In 2009–2010 Netflix was figuring out the architecture from first principles, trying to follow AWS guidelines and building a platform based on scalabiity experience some of our engineers had gained at places like Yahoo, eBay, and Google. In 2011 and 2012 we started talking about how we had built a large scale cloud-native application, and other companies began to follow our patterns. What was bleeding edge innovation in 2009 became accepted best practices by 2012, and is becoming a commodity in 2013–2014. Many competing cloud platforms have appeared, and by making it easy for people to adopt NetflixOSS we hope to become part of a larger ecosystem rather than having the industry pass us by.
When we started Open Sourcing pieces of our infrastructure, we had several goals for the program — outlined in this Techblog post. We’re seeing great adoption and engagement across many developers and companies, and increasing stream of feedback and external contributions. There is a growing number of 3rd party projects that utilize NetflixOSS components, some of them are listed on our Github page.
Putting it all Together
We released NetflixOSS bit by bit, and we don’t have a naming convention, so it can be hard to figure out how they fit together. Adrian presented a series of slides that explained how they fit together to form a build system, a set of services that support the platform, a collection of libraries that applications build against, and testing and maintenance functionality.
The Portability Question
When we built our platform we focused on what mattered to Netflix: scalability so we could roll out our streaming product globally; functionality so that our developers could build faster; and availability by leveraging multiple availability zones in each region. We regard portability as an issue we can defer, since AWS is so far ahead of the market in terms of functionality and scale, and we don’t want to hobble ourselves in the short term. However as we share the NetflixOSS platform, there is demand from end users and vendors to begin porting some of the projects for use in datacenter and hybrid cloud configurations. For the foreseeable future Netflix is planning to stay on AWS, but in the long term portability may be useful to us as well.
A New Project — Denominator
We announced a brand new project at the Meetup; we are working on multi-region failover and traffic sharing patterns to provide higher availability for the streaming service during regional outages caused by our own bugs and AWS issues. To do this we need to directly control the DNS configuration that routes users to each region and each zone. When we looked at the features and vendors in this space we found that we were already using AWS Route53, which has a nice API but is missing some advanced features; Neustar UltraDNS, which has a SOAP based API; and DynECT, which has an awkwardly structured REST API. We couldn’t find a Java based API that abstracted all these vendors into the common set of capabilities that we are interested in, so we are creating one. The idea is that any feature that is supported by more than one vendor API is the highest common denominator, and that functionality can be switched between vendors as needed, or in the event of a DNS vendor outage.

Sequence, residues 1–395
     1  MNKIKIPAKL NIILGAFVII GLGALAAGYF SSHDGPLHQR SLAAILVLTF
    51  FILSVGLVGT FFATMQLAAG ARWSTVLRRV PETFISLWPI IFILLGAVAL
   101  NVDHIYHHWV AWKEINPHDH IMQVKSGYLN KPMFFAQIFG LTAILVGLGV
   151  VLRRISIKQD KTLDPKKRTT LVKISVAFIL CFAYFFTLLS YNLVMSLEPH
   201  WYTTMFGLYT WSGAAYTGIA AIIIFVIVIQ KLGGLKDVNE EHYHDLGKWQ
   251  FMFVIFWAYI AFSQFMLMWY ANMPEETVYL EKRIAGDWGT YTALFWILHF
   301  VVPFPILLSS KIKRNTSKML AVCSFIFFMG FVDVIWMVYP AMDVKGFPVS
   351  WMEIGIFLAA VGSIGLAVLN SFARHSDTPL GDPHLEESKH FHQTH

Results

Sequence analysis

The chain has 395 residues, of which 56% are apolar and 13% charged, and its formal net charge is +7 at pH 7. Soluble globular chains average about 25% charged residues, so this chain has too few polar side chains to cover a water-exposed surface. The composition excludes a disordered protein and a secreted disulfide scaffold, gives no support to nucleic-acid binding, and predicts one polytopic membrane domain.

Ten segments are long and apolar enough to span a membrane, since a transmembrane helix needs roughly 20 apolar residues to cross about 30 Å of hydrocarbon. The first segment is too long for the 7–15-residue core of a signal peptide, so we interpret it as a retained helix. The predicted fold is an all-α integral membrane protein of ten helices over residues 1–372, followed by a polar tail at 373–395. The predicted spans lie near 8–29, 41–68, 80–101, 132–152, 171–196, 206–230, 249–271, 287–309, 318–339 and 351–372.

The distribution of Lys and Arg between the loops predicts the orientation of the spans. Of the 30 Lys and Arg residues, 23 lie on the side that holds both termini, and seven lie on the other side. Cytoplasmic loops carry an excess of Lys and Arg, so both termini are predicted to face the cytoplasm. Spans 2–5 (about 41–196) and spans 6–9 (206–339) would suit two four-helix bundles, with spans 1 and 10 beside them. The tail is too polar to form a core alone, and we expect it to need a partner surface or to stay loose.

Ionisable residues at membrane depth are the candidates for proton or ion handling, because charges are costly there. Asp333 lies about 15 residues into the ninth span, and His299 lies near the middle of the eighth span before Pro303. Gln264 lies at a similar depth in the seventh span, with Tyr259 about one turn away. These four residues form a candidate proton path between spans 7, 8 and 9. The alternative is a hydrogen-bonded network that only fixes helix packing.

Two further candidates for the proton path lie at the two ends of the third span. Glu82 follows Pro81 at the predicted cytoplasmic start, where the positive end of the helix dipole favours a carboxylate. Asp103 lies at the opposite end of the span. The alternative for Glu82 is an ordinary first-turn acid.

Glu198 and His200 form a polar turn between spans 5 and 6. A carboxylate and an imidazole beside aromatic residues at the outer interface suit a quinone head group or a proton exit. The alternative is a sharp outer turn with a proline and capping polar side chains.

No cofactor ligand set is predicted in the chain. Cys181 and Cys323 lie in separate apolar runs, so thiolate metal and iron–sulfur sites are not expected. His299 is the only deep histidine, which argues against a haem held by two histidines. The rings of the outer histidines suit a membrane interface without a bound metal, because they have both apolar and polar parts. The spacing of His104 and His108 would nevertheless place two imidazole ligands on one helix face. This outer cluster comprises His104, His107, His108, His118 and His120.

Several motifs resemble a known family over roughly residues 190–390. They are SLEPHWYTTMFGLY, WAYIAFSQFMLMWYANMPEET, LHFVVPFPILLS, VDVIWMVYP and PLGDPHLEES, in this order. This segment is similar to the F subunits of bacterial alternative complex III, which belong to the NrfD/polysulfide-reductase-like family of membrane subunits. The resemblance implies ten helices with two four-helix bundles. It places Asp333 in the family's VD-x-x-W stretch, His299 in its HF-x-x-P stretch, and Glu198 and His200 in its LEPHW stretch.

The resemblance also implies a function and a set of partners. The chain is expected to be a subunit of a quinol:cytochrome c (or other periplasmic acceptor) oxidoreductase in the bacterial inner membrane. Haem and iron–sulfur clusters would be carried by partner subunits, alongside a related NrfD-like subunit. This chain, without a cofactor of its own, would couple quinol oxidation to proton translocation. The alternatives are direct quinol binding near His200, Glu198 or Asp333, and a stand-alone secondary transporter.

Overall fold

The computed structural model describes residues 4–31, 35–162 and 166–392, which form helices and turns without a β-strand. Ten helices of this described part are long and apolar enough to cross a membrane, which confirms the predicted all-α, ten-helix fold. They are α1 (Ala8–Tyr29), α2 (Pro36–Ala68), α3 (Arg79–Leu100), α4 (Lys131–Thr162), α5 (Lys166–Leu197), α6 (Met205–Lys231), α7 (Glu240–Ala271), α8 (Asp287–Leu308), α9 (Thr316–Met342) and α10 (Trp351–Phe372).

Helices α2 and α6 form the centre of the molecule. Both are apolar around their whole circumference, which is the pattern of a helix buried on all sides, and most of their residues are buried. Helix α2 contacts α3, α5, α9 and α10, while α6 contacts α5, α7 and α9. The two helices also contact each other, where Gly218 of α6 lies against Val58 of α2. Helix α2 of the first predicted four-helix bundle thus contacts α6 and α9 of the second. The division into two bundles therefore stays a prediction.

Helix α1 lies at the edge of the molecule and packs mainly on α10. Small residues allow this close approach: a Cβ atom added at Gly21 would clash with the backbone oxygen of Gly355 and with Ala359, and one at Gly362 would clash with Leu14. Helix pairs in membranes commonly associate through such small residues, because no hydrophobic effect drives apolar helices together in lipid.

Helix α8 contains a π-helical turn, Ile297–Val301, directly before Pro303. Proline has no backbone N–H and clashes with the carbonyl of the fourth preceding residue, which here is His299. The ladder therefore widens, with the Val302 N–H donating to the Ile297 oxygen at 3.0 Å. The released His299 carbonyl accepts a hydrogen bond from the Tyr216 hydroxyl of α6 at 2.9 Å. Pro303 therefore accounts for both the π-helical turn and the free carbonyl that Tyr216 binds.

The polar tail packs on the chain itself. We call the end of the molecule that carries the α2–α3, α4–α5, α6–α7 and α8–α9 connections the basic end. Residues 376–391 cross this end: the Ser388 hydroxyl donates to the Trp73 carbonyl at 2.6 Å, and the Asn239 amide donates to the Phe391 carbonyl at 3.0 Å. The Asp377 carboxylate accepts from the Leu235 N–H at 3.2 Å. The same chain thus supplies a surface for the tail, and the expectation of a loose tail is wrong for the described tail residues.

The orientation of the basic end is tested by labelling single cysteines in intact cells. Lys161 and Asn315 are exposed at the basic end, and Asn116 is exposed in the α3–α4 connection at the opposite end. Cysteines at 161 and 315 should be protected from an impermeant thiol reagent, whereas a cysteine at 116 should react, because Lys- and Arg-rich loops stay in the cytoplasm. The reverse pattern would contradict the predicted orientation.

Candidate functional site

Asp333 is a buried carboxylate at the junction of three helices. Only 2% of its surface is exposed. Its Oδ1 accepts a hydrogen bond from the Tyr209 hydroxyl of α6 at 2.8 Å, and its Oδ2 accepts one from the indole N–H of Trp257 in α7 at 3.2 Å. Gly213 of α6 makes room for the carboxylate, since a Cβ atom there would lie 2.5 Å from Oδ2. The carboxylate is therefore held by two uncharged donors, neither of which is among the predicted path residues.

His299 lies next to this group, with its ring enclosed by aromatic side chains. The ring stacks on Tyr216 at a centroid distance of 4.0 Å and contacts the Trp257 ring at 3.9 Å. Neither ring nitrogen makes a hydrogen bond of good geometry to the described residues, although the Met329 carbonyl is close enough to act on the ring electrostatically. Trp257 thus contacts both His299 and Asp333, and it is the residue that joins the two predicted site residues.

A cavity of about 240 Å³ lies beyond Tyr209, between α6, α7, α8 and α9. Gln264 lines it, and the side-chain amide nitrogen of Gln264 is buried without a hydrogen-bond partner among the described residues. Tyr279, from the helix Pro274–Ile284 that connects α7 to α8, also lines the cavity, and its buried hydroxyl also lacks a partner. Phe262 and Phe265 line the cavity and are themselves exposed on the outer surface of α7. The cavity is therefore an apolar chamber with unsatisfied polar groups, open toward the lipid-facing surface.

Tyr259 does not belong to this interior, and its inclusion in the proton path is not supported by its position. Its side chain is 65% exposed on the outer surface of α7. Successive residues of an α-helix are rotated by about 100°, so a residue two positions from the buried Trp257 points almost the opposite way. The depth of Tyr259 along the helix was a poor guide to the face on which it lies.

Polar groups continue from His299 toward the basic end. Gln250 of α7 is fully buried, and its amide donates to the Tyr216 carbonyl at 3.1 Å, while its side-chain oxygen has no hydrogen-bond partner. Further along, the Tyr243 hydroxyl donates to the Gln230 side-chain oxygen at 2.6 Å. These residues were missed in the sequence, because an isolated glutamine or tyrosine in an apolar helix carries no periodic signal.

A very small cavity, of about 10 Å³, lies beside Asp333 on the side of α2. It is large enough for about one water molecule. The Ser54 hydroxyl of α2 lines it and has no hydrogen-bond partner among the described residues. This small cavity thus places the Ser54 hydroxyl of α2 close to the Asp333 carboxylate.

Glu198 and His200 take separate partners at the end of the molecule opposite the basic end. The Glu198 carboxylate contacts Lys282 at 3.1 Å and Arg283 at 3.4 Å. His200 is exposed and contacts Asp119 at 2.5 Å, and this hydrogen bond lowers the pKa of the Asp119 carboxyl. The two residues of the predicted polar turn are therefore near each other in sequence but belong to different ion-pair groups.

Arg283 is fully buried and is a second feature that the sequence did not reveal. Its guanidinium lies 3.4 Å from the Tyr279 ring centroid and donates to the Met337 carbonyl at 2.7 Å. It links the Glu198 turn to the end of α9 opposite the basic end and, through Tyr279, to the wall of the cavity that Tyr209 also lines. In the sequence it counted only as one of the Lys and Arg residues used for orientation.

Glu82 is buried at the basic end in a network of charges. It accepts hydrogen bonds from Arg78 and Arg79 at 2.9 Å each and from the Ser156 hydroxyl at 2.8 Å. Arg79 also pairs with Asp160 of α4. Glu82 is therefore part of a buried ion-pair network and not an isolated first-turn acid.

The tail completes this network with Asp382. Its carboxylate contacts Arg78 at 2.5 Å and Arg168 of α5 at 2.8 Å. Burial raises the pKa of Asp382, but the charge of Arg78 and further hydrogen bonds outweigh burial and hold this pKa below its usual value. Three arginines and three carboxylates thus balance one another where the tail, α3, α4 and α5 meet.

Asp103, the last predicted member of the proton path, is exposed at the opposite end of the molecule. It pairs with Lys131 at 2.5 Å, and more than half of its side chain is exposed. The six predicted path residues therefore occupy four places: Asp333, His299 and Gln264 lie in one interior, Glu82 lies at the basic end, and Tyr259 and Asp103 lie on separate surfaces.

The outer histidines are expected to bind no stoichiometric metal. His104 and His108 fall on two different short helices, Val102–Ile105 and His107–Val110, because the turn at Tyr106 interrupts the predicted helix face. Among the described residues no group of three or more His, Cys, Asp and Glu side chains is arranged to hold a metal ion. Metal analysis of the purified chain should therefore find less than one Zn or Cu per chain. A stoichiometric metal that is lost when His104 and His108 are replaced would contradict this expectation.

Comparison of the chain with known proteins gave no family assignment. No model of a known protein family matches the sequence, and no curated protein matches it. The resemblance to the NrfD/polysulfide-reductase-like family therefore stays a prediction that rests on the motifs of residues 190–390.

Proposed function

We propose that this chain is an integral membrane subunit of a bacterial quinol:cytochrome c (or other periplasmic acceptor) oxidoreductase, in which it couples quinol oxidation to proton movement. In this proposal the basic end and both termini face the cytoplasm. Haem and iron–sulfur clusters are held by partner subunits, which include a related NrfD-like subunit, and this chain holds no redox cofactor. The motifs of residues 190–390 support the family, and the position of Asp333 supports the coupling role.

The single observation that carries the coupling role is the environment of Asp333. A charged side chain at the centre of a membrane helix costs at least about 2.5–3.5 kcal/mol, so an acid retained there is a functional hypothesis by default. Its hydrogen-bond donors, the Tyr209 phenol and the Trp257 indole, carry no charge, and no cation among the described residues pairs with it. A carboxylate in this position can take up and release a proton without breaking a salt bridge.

With most NetflixOSS projects, we are running the code in production at the point where we open source it on github. In the case of Denominator we are already sharing the code with DNS vendors who are helping us get the abstraction model right, and we will make it generally available during the development process. Denominator is a Java library for controlling DNS, we are building it to be as portable as possible, with few dependencies. We will embed it in services such as Edda, which collects the historical state of our cloud. This project is being led by Adrian Cole, who is well known as the author of the cross platform jClouds open source project. He recently joined Netflix and is bringing a lot of valuable experience to our platform team.
In addition to announcing Denominator, the next NetflixOSS Meetup will be on March 13th, and signup was enabled during the meeting. We are planning some surprise announcements for that event, and within two days we already have over 200 attendees registered.
Video and Slides
The video contains the introduction by Ruslan and Adrian, the lightning talks by each engineer and an extended demonstration of the Asgard console.
Originally published at techblog.netflix.com on February 11, 2013.